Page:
'I Have a Dream' speech re-enacted at Natick
January 24, 2013
NATICK, Mass. -- Nearly a half-century after it was delivered, his "I Have a Dream" speech was re-enacted Jan. 23 during a celebration of Dr. Martin Luther King Jr.'s birthday at Natick Soldier Systems Center.
Soldiers and civilian employees gathered on stage at Hunter Auditorium to give voice to the famous words King uttered Aug. 23, 1963, at the Lincoln Memorial in Washington, D.C., during the "March on Washington for Jobs and Freedom."
Betty Davis of NSSC's Black Employment Program Committee read President Barack Obama's proclamation of the federal holiday two days earlier, which stated in part: "Today, we celebrate a man whose clarion call stirred our nation to bridge our differences and whose legacy drives us to bend the arc of the moral universe towards justice. By words and example, Dr. King reminded us that 'Change does not roll in on the wheels of inevitability, but comes through continuous struggle.'"
Wilena Rosemond-Lopes, another committee member, spoke of the speech as a "turning point" in the Civil Rights Movement of the 1950s and 1960s in America.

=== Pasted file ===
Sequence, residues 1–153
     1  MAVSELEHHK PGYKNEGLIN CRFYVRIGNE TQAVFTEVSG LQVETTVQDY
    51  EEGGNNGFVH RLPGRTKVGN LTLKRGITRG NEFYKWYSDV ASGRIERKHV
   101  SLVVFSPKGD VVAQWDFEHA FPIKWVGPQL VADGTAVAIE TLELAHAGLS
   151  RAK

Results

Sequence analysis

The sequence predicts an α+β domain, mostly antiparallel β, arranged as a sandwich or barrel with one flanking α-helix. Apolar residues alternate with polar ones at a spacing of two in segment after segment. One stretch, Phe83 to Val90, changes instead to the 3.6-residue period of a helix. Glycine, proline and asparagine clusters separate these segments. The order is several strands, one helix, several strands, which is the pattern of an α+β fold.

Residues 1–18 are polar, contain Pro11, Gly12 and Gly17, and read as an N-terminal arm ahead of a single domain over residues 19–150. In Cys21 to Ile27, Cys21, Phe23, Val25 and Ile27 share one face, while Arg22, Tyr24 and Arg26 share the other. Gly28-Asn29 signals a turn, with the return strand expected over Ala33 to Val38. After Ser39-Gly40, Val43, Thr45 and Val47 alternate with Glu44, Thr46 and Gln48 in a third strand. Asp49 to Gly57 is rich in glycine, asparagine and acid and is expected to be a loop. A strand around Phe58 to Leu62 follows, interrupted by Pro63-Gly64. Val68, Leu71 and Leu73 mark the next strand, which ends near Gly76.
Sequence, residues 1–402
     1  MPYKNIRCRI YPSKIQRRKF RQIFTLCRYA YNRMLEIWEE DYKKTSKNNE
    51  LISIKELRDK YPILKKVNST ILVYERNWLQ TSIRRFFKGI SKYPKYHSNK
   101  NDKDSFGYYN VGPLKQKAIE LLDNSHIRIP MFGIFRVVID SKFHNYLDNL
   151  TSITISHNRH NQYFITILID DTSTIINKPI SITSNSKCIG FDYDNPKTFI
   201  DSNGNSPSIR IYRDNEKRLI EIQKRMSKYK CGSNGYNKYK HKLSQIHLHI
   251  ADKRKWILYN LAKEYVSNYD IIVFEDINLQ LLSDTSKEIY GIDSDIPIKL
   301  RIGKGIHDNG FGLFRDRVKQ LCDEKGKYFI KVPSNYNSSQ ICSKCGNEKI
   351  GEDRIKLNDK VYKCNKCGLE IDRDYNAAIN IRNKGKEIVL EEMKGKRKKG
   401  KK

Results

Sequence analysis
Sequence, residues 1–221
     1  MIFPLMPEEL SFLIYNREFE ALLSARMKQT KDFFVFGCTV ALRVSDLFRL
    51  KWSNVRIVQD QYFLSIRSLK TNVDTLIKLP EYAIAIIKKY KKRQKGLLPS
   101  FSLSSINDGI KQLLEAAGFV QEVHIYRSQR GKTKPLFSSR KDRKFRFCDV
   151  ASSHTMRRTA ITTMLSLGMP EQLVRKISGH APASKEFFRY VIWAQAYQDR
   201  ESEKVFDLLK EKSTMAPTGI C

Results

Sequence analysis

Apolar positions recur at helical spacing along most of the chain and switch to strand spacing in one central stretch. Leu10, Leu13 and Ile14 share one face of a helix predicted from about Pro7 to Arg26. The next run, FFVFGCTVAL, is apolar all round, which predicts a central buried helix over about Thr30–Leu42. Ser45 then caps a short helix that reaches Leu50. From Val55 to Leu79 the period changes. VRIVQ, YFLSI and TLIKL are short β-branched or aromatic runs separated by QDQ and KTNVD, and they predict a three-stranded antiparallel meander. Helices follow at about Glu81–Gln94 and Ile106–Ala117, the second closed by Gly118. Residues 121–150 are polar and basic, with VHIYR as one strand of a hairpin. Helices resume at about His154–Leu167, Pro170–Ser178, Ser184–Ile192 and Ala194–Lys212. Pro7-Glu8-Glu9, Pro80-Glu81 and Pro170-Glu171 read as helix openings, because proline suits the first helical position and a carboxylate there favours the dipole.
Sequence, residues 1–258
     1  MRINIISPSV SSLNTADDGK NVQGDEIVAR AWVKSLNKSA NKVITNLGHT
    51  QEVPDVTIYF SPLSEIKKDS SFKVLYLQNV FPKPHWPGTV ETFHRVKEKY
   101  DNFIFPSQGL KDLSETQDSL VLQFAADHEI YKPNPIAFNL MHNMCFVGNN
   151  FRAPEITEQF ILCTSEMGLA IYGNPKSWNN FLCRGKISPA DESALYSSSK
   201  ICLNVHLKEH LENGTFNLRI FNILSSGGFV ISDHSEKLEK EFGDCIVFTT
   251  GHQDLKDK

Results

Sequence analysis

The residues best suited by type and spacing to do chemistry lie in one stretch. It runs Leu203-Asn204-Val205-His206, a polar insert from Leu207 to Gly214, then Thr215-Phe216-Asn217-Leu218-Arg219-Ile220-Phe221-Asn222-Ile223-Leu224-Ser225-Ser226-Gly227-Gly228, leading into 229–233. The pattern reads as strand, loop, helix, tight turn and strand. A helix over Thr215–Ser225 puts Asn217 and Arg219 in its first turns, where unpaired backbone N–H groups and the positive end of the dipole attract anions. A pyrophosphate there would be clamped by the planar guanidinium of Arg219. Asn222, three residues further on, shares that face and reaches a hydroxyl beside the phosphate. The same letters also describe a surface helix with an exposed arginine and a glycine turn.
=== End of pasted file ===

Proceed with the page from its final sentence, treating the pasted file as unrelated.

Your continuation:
"Dr. King's 'I Have a Dream' speech and the March on Washington during which it was given have both had far-reaching impact and great significance over the last several decades," Rosemond-Lopes said. "Dr. King's speech is regarded by many as one of the top ten speeches in American history."
Lt. Col. Frank Sobchak, U.S. Army Garrison Natick commander, said that the speech probably ranks first on his personal list.
"It serves as our collective conscience as a nation," Sobchak said. "It reminds us that we can do better, that we must."
Sobchak added that the speech should resonate at NSSC.
"We are hearing the Army values," Sobchak said. "You hear about loyalty, integrity, duty, selfless service, honor, personal courage."